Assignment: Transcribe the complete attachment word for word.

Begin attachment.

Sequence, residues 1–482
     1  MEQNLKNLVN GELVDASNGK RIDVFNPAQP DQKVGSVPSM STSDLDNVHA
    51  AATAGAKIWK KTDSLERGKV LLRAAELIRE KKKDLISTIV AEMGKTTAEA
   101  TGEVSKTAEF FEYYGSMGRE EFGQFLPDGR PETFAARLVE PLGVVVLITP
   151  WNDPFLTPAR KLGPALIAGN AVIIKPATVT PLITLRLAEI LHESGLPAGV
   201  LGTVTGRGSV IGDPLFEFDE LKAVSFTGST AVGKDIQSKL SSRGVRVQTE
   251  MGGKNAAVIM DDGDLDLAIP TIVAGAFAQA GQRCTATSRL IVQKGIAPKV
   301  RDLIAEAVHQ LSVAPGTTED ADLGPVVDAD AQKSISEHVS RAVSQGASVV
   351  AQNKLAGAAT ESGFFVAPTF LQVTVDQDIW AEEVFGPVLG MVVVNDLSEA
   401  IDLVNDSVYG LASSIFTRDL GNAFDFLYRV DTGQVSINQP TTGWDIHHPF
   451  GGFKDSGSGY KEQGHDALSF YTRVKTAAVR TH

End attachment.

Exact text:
Sequence, residues 1–482
     1  MEQNLKNLVN GELVDASNGK RIDVFNPAQP DQKVGSVPSM STSDLDNVHA
    51  AATAGAKIWK KTDSLERGKV LLRAAELIRE KKKDLISTIV AEMGKTTAEA
   101  TGEVSKTAEF FEYYGSMGRE EFGQFLPDGR PETFAARLVE PLGVVVLITP
   151  WNDPFLTPAR KLGPALIAGN AVIIKPATVT PLITLRLAEI LHESGLPAGV
   201  LGTVTGRGSV IGDPLFEFDE LKAVSFTGST AVGKDIQSKL SSRGVRVQTE
   251  MGGKNAAVIM DDGDLDLAIP TIVAGAFAQA GQRCTATSRL IVQKGIAPKV
   301  RDLIAEAVHQ LSVAPGTTED ADLGPVVDAD AQKSISEHVS RAVSQGASVV
   351  AQNKLAGAAT ESGFFVAPTF LQVTVDQDIW AEEVFGPVLG MVVVNDLSEA
   401  IDLVNDSVYG LASSIFTRDL GNAFDFLYRV DTGQVSINQP TTGWDIHHPF
   451  GGFKDSGSGY KEQGHDALSF YTRVKTAAVR TH